• “Tell your neighbour the truth” (4:25). Stop lying. No more half-truths. Speak the plain truth to one another because you are already members of the body of Christ.
  • “Don’t use your anger as fuel for revenge” (4:26). Watch your moods, deal cleanly with your anger. It’s natural—and sometimes necessary—to get angry, but make sure it does not lead you into evil.
  • “Get an honest job” (4:28). Stop stealing. Those who have been thieves must start working honestly for a living—not just for their own sake, but so they have something to share with the needy.
  • “Watch the way you talk” (4:29). Filthy language must not pass your lips. Cut out spiteful words and actions. Don’t nurse your resentments.
  • “Say only what helps” (4:29). Speak only what is good and helpful in a situation, so that your conversation brings blessing, not condemnation. Loud-mouthing and malicious gossip must cease immediately. Slander is never the way that Christ would take.
  • “Don’t grieve God” (4:30). Don’t do anything that is offensive to the Spirit of God who now lives in you.
  • “Be gentle with one another” (4:31). Don’t forget you are members of one body. Be kind-hearted and eager to forgive, as God in Christ has forgiven you.

Could Paul get more down to the nitty-gritty than this? This is what his lofty theology means on the streets of Ephesus, Corinth, Philippi, Thessalonica, and Rome. It’s what the gospel is about on the streets of Tokyo, London, New York, Calgary, and Toronto.

Paul is showing us how we can put our ideals into practice. We are called to be not commentators, but practitioners, of faith in Christ.

Now, when we hear Paul talking about cheats, liars, thieves and slanderers, maybe we think to ourselves: “What a rough bunch those Ephesians were!”

Perhaps we feel superior to those early Christians to whom Paul wrote this letter. But look: we are not called to be commentators about them and their faults, way back then and there. No. We are called to be practitioners of Christ—here and now. Paul’s advice to the Ephesians still applies to us. Who among us can bear his checklist, without flinching? Listen to it once again:

  • “No more lies,” Paul says (4:25). That means no “white lies”—and no deceit by truth withheld! How does our honesty in all our dealings stack up?
  • “You do well to be angry,” Paul says (4:26)—but only if you channel your anger into some good purpose. “Don’t use your anger as fuel for revenge.” Do we follow the apostle’s wise advice?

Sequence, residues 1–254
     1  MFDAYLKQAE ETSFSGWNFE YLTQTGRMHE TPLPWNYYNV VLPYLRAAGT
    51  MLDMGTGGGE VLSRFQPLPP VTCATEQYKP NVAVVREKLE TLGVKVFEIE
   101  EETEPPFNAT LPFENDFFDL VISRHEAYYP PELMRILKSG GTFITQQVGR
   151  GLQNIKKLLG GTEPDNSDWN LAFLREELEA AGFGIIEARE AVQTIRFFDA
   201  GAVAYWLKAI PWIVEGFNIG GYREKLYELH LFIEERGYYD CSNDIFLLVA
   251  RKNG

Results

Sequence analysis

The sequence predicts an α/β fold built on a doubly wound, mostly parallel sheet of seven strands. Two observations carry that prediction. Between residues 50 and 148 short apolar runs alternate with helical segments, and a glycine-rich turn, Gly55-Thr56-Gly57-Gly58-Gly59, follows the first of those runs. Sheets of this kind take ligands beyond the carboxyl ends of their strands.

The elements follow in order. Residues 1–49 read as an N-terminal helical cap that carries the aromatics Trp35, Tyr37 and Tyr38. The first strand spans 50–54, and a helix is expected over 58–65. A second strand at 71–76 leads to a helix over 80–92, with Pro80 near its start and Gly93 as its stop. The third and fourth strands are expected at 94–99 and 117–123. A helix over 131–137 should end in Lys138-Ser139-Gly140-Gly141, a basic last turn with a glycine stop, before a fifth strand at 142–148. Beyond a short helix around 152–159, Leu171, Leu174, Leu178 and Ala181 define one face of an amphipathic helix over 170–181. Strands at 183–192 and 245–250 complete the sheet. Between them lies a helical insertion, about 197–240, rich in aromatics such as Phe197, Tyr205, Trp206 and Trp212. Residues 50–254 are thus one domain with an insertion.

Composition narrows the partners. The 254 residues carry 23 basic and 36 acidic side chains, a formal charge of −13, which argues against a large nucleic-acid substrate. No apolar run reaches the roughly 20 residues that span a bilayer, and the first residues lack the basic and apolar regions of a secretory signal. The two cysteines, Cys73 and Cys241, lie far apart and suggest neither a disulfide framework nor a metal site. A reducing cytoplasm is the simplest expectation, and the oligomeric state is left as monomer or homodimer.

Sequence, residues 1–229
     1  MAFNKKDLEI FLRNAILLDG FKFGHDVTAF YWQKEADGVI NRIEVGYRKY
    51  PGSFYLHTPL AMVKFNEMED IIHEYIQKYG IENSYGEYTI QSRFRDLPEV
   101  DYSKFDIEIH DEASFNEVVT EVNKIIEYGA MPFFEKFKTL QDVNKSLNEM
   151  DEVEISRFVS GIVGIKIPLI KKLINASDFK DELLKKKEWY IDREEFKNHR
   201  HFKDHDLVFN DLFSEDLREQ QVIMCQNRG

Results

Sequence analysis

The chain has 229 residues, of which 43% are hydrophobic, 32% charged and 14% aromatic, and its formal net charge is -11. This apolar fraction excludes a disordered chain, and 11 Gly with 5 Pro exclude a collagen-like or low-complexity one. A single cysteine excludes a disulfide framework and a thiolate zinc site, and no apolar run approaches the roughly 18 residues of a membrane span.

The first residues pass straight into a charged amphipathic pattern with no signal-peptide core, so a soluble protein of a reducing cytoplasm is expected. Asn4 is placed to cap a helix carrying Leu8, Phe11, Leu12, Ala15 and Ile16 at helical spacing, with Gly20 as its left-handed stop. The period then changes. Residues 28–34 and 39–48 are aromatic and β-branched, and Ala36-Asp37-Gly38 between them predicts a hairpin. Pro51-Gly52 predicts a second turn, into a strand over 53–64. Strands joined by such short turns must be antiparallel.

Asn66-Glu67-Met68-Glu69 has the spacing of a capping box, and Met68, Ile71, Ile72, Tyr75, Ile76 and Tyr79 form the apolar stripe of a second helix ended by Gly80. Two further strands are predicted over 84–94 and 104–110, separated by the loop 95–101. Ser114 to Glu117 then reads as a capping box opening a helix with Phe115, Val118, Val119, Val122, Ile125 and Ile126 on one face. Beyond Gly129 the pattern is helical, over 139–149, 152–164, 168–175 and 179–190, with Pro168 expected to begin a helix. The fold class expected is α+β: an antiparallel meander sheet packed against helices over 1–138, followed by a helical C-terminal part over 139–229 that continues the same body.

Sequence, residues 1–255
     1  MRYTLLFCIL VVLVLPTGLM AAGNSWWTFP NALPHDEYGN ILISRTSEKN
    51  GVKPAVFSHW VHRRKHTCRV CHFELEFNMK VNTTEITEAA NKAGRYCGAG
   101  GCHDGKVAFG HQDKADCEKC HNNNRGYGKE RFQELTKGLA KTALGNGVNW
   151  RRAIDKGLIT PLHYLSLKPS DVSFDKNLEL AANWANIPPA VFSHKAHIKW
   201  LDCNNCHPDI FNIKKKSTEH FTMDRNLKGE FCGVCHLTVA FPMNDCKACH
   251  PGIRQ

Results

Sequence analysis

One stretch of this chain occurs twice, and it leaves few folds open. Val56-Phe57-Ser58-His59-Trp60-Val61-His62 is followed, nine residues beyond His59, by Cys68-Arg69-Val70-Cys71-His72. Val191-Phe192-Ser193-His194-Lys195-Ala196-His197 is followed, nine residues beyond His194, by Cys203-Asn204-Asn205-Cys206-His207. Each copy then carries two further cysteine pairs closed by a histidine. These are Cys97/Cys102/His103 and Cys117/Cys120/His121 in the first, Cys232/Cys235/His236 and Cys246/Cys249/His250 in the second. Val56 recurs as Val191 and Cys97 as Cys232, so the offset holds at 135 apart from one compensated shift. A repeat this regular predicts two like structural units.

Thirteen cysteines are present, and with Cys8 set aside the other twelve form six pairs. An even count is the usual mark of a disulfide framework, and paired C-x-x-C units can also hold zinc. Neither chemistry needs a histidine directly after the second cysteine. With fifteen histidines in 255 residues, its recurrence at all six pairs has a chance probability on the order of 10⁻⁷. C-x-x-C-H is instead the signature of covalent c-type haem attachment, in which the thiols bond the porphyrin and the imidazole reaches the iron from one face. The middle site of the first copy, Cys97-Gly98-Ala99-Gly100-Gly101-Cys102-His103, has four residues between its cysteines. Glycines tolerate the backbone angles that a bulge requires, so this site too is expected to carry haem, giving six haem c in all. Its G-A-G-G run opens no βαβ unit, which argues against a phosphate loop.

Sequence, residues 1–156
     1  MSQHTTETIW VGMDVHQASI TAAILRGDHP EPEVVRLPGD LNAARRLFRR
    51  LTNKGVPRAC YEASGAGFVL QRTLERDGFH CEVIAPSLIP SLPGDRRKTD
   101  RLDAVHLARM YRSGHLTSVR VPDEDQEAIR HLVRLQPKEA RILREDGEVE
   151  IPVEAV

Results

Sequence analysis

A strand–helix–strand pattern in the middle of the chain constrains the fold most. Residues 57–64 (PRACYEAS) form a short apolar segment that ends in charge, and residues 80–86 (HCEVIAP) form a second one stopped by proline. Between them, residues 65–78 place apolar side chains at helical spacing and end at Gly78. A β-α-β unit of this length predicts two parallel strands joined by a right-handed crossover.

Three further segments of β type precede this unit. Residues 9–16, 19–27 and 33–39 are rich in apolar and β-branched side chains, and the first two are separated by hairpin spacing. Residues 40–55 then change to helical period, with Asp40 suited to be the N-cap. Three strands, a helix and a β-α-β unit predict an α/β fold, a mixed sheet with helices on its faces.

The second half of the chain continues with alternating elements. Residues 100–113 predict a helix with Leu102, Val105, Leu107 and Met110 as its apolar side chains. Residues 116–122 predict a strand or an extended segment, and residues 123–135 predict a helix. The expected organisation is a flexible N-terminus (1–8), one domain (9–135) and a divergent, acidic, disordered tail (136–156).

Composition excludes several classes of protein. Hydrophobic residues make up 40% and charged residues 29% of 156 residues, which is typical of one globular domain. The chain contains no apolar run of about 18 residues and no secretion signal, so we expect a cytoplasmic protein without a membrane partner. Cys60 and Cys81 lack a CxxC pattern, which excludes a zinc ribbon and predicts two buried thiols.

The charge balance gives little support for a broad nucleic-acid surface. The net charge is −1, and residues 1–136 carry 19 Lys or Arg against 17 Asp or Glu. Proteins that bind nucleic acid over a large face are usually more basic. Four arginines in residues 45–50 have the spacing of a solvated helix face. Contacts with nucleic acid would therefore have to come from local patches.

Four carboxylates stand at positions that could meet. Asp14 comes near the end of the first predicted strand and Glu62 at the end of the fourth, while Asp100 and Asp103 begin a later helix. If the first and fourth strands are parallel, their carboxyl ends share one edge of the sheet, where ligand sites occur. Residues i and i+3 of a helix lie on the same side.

• “Did you used to make ends meet by stealing?” Paul asks (4:28). There are plenty of ways of stealing other than burglary and shoplifting—like tax evasion, or claiming credit for another person’s work. What is our record like?
  • “Let nothing foul or dirty come out of your mouth” (4:29). This includes verbal abuse and the disrespect for others that lies behind it. It includes racism, and religious prejudice. Do those things lurk among us?
  • “Make a clean break with all cutting, backbiting, profane talk” (4:31). Do we choose words to bless others rather than hurt them? Do our words affirm, encourage, inspire and lighten the load that others bear?
  • What about spitefulness? Do we harbour resentments?
  • How about gossip? Libel causes damage whether or not it ever ends up in court. Good will and trust can be forever destroyed by idle slander.
  • Or, what about being generous and merciful? Giving without looking for reward? Forgiving as Christ forgives us? Is that truly our style?

Are we really that much better than the Ephesians? I’m not sure we are. And, actually, I know I’m not! The down-to-earth practical things still challenge me—challenge me to get off my commentator’s cushion and put my faith into action.

Small things matter. Paul’s grand vision—where everything is reconciled in Christ and drawn together in beautiful harmony before God—in the end, it all comes down to some very basic stuff. It is not enough to sit on the sidelines as Christian commentators. No. Our calling is to be practitioners. But there’s no instant Ph.D. in the field of discipleship. This is a step-by-step venture. It takes time.

And yet … we live in an era that emphasizes speed. Automobiles can cover long distances in a few hours. Our airliners can take us to the other side of the world while we eat, drink and sleep a little. By telephone or internet, we can instantly communicate with just about anyone, just about anywhere on earth. Things happen quickly these days. We like speed.

But our journey as disciples of Jesus remains a pilgrimage on foot. We move towards the magnificent future that Paul says lies in store for us—but we proceed step by step.

There is no expressway to the Kingdom of God. Instead, we traverse a narrow path that is, in places, rough and full of potholes. There are deep ravines and high mountain passes to navigate. Sometimes robbers may fall on us and try to steal our faith. False guides will meet us at crossroads, offering tantalizing diversions or bogus short cuts.